This covers how Wookie handles errors.
Error handling in Wookie is done by passing an event/error handler function to your listener on instantiation:
(make-instance 'listener :port 8181 :event-cb 'my-app-error-handler)
The handler is a function of two arguments, the event/error object that was
caught and the cl-async socket we're processing on. You can grab the
request/response objects out of the socket using
(defun my-app-error-handler (err sock) (let* ((sockdata (when sock (as:socket-data sock))) (response (getf sockdata :response)) (request (when response (response-request response)))) ...))
Any errors caught by Wookie during normal operation will be handed to the
given event handler. If a handler is not specified, Wookie will take some
default actions with the caught error (such as send an
HTTP 500 response).
Note that it's possible for errors to occur in your app that Wookie will not catch, for instance:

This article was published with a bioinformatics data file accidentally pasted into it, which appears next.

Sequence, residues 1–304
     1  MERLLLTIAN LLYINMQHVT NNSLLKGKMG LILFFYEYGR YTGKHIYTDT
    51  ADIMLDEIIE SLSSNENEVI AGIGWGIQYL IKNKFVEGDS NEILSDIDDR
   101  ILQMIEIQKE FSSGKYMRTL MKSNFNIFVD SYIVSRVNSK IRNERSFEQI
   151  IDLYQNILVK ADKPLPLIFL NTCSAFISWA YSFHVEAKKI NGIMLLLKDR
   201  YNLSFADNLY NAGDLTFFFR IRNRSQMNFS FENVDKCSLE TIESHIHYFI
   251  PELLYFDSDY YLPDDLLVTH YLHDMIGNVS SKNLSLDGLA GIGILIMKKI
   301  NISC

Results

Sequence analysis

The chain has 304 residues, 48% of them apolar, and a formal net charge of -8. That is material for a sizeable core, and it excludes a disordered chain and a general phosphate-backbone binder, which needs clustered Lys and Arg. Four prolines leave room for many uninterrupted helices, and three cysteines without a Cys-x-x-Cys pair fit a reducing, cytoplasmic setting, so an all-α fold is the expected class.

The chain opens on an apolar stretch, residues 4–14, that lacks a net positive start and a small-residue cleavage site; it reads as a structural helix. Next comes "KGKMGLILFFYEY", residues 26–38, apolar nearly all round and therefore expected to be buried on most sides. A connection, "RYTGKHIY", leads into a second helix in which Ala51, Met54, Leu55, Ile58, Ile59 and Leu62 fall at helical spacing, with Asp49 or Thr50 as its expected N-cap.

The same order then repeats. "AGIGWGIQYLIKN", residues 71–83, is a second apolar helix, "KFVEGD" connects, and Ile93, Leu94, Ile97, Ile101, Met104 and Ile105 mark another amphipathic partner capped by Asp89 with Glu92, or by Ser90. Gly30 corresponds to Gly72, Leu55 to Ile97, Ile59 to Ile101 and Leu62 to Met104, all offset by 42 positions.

(defroute (:get "/") (req res) (as:with-delay () (error "wookie will not catch this")))
In such cases, you will want to pass an error handler to cl-async's
:catch-app-errors startup keyword:
(as:with-event-loop (:catch-app-errors (lambda (ev) (my-app-error-handler ev nil))) ...)
This is a veriable defined in the
wookie-config package that basically tells
Wookie if it encounters an error, let the error pass through to the debugger...
don't try to catch it and hand it off to the listener's
This can be really useful for apps being developed locally in debug mode because you'll get full stack traces for your errors:
(let ((wookie-config:*debug-on-error* t) (blackbird:*debug-on-error* t)) ;; notice we omit :catch-app-errors here (as:with-event-loop () (start-server (make-instance 'listener :port 80))))
Notice that this pairs very will with setting blackbird and cl-async into pass-through mode as well.